Claiborne completely ignores the severity of the crime(s) committed- the reason(s) why a person is on death row- and implies that the disproportionate numbers of blacks on death row and their executions are primarily the result of racial and economic factors, not (im)moral ones. Christians who share this position of disparate impact completely ignore or excuse the violent acts committed by black felons deserving of the death penalty, which are readily available from the FBI or the Bureau of Justice Statistics/Department of Justice.

Intentionally excusing blacks from human moral obligation and agency isn’t benevolence; it’s condescending racial paternalism used to advance a superficial agenda masquerading as justice.

Absolving blacks from moral standards and expectations that everyone else is subjected to might qualify as “compassion” or “justice” in the morally ostensible world of social justice activists. In the real world of cause and consequence, the majority of people on death row are there as punishment deserving of the crimes they’ve committed. If Claiborne is concerned about the disparate impact of capital punishment on black lives, he should instead focus on highlighting and condemning the contributing factors that facilitate the disproportional participation of blacks in violent criminality- the causative factor(s), which qualifies black felons for the death penalty.

Extending leniency to villains as compensation for their evil guarantees the actions of evil- including murder- will increase.

Sparing the life of the murderer doesn’t demonstrate compassion; it devalues it.

Of course, Claiborne and other Christian abolitionists argue that the ministry of Jesus in the New Testament has vacated the Old Testament moral and legal prescriptions for capital punishment. But this is a form of theological and biblical service buffet- simply taking away what one likes and ignoring what one doesn’t so as to reinforce one’s ideological predeterminations.

Despite arguments to the contrary, Jesus didn’t annul capital punishment in his Sermon on the Mount. During his Sermon in Matthew 5, Jesus says,

“You have heard it said, ‘An eye for eye, and a tooth for a tooth.’ But I tell you, do not resist an evil person. If anyone slaps you on the right cheek, turn to them the other cheek also.”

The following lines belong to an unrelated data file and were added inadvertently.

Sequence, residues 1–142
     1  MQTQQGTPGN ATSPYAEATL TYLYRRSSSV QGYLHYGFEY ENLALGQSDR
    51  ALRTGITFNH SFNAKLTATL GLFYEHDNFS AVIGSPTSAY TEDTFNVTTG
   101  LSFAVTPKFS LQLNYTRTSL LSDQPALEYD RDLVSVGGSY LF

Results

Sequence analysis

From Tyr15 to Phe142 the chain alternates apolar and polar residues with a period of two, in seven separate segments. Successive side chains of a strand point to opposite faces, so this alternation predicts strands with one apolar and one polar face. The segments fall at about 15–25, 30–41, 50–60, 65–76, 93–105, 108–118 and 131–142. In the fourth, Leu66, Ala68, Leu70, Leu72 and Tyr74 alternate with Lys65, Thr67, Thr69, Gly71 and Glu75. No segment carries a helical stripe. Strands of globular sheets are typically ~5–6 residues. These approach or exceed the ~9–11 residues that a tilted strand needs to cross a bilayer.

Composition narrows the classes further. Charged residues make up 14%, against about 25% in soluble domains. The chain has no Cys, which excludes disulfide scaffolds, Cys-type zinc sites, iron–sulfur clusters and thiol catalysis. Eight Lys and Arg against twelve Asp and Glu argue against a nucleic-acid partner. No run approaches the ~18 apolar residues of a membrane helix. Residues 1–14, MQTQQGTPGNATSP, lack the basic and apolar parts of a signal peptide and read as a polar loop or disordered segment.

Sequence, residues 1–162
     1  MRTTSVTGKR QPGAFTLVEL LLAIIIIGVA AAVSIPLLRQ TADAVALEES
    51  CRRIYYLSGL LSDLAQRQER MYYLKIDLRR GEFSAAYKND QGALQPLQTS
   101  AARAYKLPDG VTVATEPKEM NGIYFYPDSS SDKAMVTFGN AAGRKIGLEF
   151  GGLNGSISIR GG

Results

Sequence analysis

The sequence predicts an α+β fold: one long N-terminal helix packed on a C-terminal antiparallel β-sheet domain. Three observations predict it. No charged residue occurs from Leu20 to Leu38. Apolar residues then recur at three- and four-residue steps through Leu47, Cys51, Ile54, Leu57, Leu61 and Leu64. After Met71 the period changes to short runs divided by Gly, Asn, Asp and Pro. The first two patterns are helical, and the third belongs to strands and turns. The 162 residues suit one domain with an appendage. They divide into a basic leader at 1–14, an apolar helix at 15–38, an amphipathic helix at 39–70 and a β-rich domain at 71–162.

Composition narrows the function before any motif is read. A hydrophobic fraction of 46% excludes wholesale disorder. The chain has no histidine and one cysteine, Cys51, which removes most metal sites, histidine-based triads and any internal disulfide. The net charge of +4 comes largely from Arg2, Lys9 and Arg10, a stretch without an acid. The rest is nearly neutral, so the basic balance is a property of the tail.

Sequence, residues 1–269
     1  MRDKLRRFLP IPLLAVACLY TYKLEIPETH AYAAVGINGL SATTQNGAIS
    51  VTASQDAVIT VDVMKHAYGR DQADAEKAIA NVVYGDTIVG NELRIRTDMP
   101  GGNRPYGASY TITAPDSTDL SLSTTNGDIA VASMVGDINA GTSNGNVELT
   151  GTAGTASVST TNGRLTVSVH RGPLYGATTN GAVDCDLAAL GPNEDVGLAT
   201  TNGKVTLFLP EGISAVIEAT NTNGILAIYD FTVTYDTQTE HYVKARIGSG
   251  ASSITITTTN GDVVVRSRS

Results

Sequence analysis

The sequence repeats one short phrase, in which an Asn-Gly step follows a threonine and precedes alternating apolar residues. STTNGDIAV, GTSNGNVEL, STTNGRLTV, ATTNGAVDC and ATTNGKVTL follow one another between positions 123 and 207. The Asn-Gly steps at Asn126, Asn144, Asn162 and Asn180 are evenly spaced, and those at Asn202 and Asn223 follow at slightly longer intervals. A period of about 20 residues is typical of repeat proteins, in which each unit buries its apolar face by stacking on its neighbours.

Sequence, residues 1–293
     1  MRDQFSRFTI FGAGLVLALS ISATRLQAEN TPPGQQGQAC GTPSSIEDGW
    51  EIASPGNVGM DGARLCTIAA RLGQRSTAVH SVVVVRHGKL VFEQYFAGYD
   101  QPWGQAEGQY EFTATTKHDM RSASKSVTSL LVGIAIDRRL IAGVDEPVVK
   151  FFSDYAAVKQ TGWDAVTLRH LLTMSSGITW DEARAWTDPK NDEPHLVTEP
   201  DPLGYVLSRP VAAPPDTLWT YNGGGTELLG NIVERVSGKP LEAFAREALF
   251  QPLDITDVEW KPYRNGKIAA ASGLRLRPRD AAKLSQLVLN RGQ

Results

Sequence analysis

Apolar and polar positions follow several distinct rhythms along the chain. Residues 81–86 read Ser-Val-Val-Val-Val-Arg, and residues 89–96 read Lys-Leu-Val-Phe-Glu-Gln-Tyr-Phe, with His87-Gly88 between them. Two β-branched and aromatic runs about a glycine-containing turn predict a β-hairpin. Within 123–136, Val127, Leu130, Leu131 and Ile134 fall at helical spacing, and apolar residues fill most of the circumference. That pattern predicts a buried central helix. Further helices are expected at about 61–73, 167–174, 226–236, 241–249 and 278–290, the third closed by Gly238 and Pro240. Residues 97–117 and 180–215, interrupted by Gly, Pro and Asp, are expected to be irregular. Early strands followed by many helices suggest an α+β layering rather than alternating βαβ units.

How exactly is this nullification against the divine command of killing a murderer? Clearly, Jesus is referring back to the Levitical law of proportionality (Ex. 21:24, Lev. 24:19-21a), meaning that punishments should fit the crimes committed rather than exceeding them. Jesus’ teaching in the Sermon isn’t rescinding the command to punish murderers by death. Rather, he’s teaching his listeners- first century commoners and other marginalized groups- how to respond to insults and offenses in interpersonal relationships. This subversive teaching regarding self-control instead of retaliation in the face of public humiliation had nothing to do with government, governmental authority or how government was to administer punishment.

Aside from misinterpreting and misapplying Jesus’ teaching from the Sermon on the Mount as an argument in favor of abolishing the death penalty, Christian opponents of the death penalty ignore or misinterpret Romans 13:1-5. Here Paul says that the government, being a servant of God, doesn’t bear the sword in vain. Rather, it rightly punishes criminals for committing evil. The Greek word for sword combined with the implication of the passage makes clear that Paul was indeed saying that civil government has a responsibility to protect its constituents, which included punishing by death those who commit evil, violence and threaten public safety.

A moral society that values life is duty bound to protect its citizens. It also has a moral obligation to prove the high value of life by punishing those who intentionally and without reservation, devalue it. In my opinion, contemporary Christian abolitionists of capital punishment undermine the sacredness of life by “compassionately” regarding murderers at the expense of the murdered, and future murderers at the expense of the future victims of murder. By seeking to end of the death penalty, they’re surrendering their responsibility to defend and maintain the inimitable value of human life using the pro-life teachings of Christianity to defend a pro-death position.

Capital punishment is a touchy subject and good arguments can be made to support both sides of the debate. But many of the arguments advanced by Claiborne- in addition to Pope Francis (here and here) and other Christian opponents of the death penalty, thus far, aren’t good arguments and they contradict and undermine the Bible in the process.